From the stands, I thought Marcelo got stepped on, and the fact that he didn’t grab his foot or ankle indicated some kind of twist of the knee. It turns out that it was a challenge Marcelo made on Kaka:
The post-match quotes indicate that this isn’t just something that will be fine once the pain subsides:
This is the exact quote from Olsen on Marcelo: "I would expect him to be out for, uh, I don't know. We'll see. It's a knee" #DCU— Steven Streff (@streffsoccer) September 25, 2016
That does not sound like good news. Even a moderate knee sprain can require 4-6 weeks out, and that would mean no Marcelo until the playoffs (which are still a hypothetical at this point).
It’s an acute problem for United at the moment. Jared Jeffrey, the most logical replacement, is out with a concussion. DeLeon appears to be the best option at right back until Sean Franklin returns from his calf strain (another injury that tends to last a month or more). That leaves United having to roll with Buescher at home and on the road for the time being, or bringing Mishu back into the lineup after the Notre Dame product’s rough September.
Compounding all of this is the fact that United plays again on Wednesday against Columbus - a game that, if lost, pretty much undoes all the good from last night - and then heads to Toronto to play TFC on Saturday. With these injuries, rotating players becomes pretty difficult. Collin Martin was upgraded to questionable just yesterday, but he’s missed the entire season with a foot injury. United may have to give him some minutes anyway, just to prevent overuse injuries in what’s left of their midfield.
Antonio Nocerino is a clown sent to amuse us all
The offseason saga of whether Nocerino would join United or Orlando didn’t bother me all that much in and of itself. A player choosing between two offers is a familiar concept, and I wasn’t exactly sold on the idea of bringing in an expensive player over the age of 30 to step into what was, at the time, a double pivot system. Orlando’s conduct in the process, and the reaction of their fanbase, was more irritating to me than Nocerino signing with them. They made the better offer, and frankly it seemed like DCU dodged a bullet.
It might have been more of a storyline if Nocerino and the Lions had come to RFK in, say, April or early May. Instead, the whole thing seemed like a background decoration...until Nocerino was inexplicably not booked by referee Sorin Stoica in the 30th minute. Nocerino dragged Acosta down as United broke forward; it was a textbook “professional foul,” one that players commit knowing full well the yellow card is coming.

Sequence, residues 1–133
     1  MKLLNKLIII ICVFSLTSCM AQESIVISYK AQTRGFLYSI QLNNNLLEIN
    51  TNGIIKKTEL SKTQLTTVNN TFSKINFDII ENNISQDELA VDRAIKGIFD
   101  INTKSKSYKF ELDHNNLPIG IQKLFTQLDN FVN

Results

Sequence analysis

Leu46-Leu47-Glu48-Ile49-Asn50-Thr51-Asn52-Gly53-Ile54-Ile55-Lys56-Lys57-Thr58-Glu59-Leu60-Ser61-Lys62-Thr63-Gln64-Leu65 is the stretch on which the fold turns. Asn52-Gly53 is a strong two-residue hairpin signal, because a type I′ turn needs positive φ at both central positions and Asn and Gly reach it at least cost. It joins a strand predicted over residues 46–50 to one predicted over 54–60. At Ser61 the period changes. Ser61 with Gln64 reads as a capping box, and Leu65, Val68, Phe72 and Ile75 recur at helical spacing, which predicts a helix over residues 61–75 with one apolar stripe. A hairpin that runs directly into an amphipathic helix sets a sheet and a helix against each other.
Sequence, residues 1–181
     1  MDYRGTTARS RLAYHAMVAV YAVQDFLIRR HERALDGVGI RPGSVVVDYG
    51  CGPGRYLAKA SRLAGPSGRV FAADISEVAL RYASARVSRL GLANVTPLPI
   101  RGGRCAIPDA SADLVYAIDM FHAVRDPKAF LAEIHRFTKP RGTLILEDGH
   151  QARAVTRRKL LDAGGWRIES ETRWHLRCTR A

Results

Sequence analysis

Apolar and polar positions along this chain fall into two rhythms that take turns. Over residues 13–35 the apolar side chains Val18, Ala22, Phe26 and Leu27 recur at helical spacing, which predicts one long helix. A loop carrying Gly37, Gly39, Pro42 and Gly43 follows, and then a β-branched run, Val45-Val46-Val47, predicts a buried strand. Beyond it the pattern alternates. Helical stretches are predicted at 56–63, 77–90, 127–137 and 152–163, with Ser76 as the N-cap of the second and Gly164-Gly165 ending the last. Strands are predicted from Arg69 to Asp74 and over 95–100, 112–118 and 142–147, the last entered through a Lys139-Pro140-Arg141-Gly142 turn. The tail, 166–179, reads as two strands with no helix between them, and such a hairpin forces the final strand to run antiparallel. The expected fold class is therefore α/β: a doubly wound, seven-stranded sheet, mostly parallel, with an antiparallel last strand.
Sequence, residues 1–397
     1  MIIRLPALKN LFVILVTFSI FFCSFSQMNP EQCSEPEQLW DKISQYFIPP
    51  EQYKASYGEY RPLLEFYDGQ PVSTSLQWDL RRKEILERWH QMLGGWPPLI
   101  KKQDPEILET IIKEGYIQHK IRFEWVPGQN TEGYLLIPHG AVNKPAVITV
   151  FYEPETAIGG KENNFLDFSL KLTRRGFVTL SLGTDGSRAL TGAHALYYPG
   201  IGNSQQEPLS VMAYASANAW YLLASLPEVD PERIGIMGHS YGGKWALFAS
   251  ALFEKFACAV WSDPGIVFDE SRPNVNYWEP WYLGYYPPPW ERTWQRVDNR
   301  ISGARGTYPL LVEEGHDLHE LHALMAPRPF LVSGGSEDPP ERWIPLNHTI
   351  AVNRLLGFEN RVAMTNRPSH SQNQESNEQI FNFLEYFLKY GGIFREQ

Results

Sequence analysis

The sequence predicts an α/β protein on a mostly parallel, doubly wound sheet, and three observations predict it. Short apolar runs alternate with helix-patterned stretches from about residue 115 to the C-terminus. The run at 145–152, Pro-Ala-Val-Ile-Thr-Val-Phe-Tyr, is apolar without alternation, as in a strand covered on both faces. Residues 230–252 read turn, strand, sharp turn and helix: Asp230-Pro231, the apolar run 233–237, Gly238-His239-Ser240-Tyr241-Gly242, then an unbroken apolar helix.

Stoica gave Nocerino the “no more of that young man!” talk rather than doing his job, though, giving fans a reason to remember their ire at the former AC Milan midfielder. That only escalated when basically the same damn thing happened in the 58th minute. Nocerino simply went in very late on Sam, the kind of foul that gets you a yellow card in MLS on a very consistent basis. Stoica let this one go too, even as Nocerino dismissed his first attempt to have a word.
Nocerino seemed dead set on leaving this game early, and finally got his marching orders in the 66th minute. I’ll let the gif tell the rest of the story:
This loss hurts Orlando in the standings, and in the near future
So Nocerino, the player who seems best suited to the #6 role under Kreis, will miss Orlando’s game at TFC this Wednesday, which probably means plenty of space for the Reds to exploit in their quest to help United (and, uh, themselves I guess). However, it’s critical to note that in the same moment that saw Stoica not hand out a yellow for the foul on Sam, Kaka gestured to the bench twice. The Brazilian superstar needed a sub, and came off in the 64th minute.
I didn’t notice this at RFK, as I was busy being stunned by Stoica’s inexplicable leniency, so I took the Kaka sub as a white flag moment for Orlando. If he’s injured, though, Orlando will be far less thoughtful and skilled going forward. Brek Shea will give them some speed and power, but TFC is set up to deal with that more comfortably than someone with the soccer IQ to break them down with movement and the technical ability to complete the final ball.
Here’s hoping Greg Vanney decides to go all out mid-week and then rotate his guys on the weekend. Come on, Greg, we’re your old pals in DC!